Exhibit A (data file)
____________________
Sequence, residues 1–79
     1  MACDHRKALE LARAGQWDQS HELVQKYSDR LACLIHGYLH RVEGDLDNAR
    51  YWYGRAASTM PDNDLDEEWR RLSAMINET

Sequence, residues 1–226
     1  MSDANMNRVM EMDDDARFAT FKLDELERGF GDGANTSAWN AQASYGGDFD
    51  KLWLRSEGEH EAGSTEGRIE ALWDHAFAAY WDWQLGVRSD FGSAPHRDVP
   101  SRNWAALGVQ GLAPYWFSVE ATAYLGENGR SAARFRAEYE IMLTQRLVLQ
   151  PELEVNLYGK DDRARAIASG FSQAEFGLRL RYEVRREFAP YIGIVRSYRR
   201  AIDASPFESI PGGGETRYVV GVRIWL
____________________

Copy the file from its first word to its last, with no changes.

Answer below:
Sequence, residues 1–79
     1  MACDHRKALE LARAGQWDQS HELVQKYSDR LACLIHGYLH RVEGDLDNAR
    51  YWYGRAASTM PDNDLDEEWR RLSAMINET

Sequence, residues 1–226
     1  MSDANMNRVM EMDDDARFAT FKLDELERGF GDGANTSAWN AQASYGGDFD
    51  KLWLRSEGEH EAGSTEGRIE ALWDHAFAAY WDWQLGVRSD FGSAPHRDVP
   101  SRNWAALGVQ GLAPYWFSVE ATAYLGENGR SAARFRAEYE IMLTQRLVLQ
   151  PELEVNLYGK DDRARAIASG FSQAEFGLRL RYEVRREFAP YIGIVRSYRR
   201  AIDASPFESI PGGGETRYVV GVRIWL